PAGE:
Sunday, November 11, 2007

A political execution in Chicago


"The time will come when our silence will be more powerful than the voices you strangle today." --last words of August Spies just before he was hanged November 11, 1887.
Although Labor day, or May Day, is traditionally when the country honors its workers, and socialists and labor unions celebrate their heroes and martyrs, today, November 11, marks the anniversary of the execution of four of the seven anarchists convicted of consipiracy to commit murder in the Haymarket Riot that took place in Chicago on May 4th, 1886. Albert Parsons, August Spies, Adolf Fischer, and George Engel, all German nationals, members of the International Working Peoples Association (IWPA), the group that organized the campaign for the eight-hour workday, were hanged for their anarchist opinions.

The beginning of the end for them does begin on May 1st, 1886, when a strike in support of an eight-hour workday gathered force all over the US.
Both the Democratic and Republican mainstream political parties offered little hope for disgruntled and downtrodden workers both immigrant and American-born, so doctrines like anarchy, socialism, communism, feminism and labor activism sprouted in the political soil of late-19th-century America.
During the days that followed over 340,000 workers walked off their jobs. In Chicago the IWPA organized a rally where 7,400 striking workers gathered. Unprovoked, the police opened-fire on the crowd, killing four people.

The following day August Spies, who was editor of the Arbeiter-Zeitung, published a leaflet in English and German entitled: Revenge! Workingmen to Arms! It included the passage:
"They killed the poor wretches because they, like you, had the courage to disobey the supreme will of your bosses. They killed them to show you 'Free American Citizens' that you must be satisfied with whatever your bosses condescend to allow you, or you will get killed. If you are men, if you are the sons of your grand sires, who have shed their blood to free you, then you will rise in your might, Hercules, and destroy the hideous monster that seeks to destroy you. To arms we call you, to arms."
Over 3,000 people were rallying in Haymarket on May 4th when a bomb exploded killing one policemen and injuring dozens of others.
"The police then immediately attacked the crowd. A number of people were killed (the exact number was never disclosed)and over 200 were badly injured."
Martial law was declared in Chicago and the "Red Scare" took hold of the country. Chicago prosecutor Julius Grinnel famously said "Make the raids first and look up the law afterwards." The prosecution of the seven workers was built around the speeches and writings of the defendents, since it could not be proven that any of the men were at Haymarket at the time the bomb went off.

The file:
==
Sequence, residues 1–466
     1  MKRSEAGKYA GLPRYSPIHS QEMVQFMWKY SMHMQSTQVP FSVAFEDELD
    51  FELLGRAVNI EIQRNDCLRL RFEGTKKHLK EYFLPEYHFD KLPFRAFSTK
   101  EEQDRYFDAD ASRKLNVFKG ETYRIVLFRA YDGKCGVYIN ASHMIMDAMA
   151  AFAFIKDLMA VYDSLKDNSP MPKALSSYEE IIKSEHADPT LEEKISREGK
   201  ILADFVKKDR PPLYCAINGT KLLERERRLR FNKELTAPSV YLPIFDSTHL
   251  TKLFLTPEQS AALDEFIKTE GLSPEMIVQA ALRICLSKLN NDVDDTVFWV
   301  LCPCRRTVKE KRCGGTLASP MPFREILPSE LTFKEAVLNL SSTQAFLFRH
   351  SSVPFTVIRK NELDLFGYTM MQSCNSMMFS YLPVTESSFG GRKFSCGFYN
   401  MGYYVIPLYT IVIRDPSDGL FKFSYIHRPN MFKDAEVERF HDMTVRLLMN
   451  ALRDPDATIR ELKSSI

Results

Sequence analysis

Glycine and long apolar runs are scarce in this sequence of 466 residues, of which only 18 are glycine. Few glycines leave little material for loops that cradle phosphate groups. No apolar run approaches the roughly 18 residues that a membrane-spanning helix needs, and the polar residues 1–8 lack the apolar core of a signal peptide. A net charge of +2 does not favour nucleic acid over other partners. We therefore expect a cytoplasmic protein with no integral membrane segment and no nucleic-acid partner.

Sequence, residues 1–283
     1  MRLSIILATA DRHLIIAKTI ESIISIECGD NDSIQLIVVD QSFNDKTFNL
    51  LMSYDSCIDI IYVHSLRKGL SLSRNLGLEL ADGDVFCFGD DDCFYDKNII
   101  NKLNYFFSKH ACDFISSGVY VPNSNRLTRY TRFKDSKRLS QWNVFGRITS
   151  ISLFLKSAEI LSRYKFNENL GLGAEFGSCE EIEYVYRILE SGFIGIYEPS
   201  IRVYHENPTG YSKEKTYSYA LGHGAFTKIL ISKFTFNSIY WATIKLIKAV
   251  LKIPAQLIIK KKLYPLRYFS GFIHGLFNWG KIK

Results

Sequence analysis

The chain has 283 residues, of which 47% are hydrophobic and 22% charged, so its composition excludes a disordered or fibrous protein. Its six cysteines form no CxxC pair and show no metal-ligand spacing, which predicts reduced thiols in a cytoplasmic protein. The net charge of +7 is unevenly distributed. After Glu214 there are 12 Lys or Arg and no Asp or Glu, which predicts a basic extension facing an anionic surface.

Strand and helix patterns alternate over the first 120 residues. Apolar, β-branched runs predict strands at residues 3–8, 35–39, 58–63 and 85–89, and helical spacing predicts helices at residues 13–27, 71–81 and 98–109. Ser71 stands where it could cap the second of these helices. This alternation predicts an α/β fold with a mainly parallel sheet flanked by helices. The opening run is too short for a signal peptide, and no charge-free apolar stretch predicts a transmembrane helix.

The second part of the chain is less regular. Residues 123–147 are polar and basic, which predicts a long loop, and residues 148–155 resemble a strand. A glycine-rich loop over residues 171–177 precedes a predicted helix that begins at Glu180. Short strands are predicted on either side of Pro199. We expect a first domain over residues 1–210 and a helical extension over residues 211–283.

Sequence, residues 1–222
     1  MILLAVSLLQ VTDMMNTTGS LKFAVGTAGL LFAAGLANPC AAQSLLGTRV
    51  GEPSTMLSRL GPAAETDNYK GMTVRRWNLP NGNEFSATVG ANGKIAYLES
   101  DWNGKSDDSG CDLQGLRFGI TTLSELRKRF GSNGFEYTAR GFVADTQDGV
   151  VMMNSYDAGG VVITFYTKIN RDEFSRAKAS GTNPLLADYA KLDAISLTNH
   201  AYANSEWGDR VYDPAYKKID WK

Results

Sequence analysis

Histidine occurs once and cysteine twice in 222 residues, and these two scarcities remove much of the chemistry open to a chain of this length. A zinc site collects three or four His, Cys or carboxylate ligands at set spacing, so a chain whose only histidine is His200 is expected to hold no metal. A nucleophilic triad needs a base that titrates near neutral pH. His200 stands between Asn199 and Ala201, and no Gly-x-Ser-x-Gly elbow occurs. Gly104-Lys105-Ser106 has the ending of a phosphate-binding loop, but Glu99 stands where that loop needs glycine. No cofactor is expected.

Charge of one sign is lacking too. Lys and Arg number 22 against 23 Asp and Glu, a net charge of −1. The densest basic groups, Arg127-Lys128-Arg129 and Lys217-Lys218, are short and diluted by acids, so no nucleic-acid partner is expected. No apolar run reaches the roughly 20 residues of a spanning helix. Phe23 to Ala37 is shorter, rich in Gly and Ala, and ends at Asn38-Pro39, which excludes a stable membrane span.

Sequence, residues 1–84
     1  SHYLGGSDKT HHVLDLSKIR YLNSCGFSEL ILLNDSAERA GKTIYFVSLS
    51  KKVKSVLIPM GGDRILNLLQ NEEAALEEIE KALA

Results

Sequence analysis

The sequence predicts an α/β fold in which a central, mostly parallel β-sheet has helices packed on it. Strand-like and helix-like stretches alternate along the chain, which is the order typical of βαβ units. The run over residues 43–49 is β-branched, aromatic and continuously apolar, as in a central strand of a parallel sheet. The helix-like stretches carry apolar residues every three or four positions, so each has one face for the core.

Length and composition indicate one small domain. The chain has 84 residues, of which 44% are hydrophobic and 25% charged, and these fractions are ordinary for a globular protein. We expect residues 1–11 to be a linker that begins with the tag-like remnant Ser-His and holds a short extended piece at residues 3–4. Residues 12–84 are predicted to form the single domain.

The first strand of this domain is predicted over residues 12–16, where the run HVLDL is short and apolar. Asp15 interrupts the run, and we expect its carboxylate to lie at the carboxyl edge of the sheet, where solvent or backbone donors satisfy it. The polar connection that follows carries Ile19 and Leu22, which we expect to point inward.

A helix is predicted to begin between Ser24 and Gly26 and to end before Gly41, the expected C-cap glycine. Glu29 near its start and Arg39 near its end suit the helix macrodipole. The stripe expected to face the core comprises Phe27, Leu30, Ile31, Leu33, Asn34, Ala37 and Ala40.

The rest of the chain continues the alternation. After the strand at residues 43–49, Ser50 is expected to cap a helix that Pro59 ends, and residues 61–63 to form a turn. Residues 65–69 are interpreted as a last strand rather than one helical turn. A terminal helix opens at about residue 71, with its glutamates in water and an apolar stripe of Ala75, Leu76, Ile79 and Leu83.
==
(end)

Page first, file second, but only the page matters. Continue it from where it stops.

During the trial the judge allowed the jury to read speeches and articles by the defendants where they had argued in favour of using violence to obtain political change. The judge then told the jury that if they believed, from the evidence, that these speeches and articles contributed toward the throwing of the bomb, they were justified in finding the defendants guilty.

Ken Warren writes in Black and White Strangers, that no less a personage than William Dean Howells, American author and literary critic, petitioned the governor of Illinois to commute the death sentences, calling them "a fundamental assault on political dissent." After his appeals fell on deaf ears and the executions were carried out, Howells wrote:
We had a political execution in Chicago yesterday. The sooner we realize this, the better for us.
As Ed Tant writes the Haymarket tragedy involved political elements all too familiar: government surveillance, police misconduct, immigration, and workers' rights. Today we take the eight-hour workday for granted, just as we take the First Amendment as a birthright. We would do well to heed the words of Mr. Howells and mark the anniversary of the Haymarket tragedy as an important history lesson.

Look for more info at:
Chicago Historical Society
The Haymarket Tragedy, by Paul Avrich

1 comment:

ceds said...

"And we will be where all are free, where there are no longer masters and servants, where intellect stands for brute force, there will no longer be any use for the policemen and militia to preserve the so-called 'peace and order'-the order that the Russian General speaks of when he telegraphed to the Czar after he had massacred half of Warsaw, 'Peace reigns in Warsaw.'"

We could use a little more anarchism these days...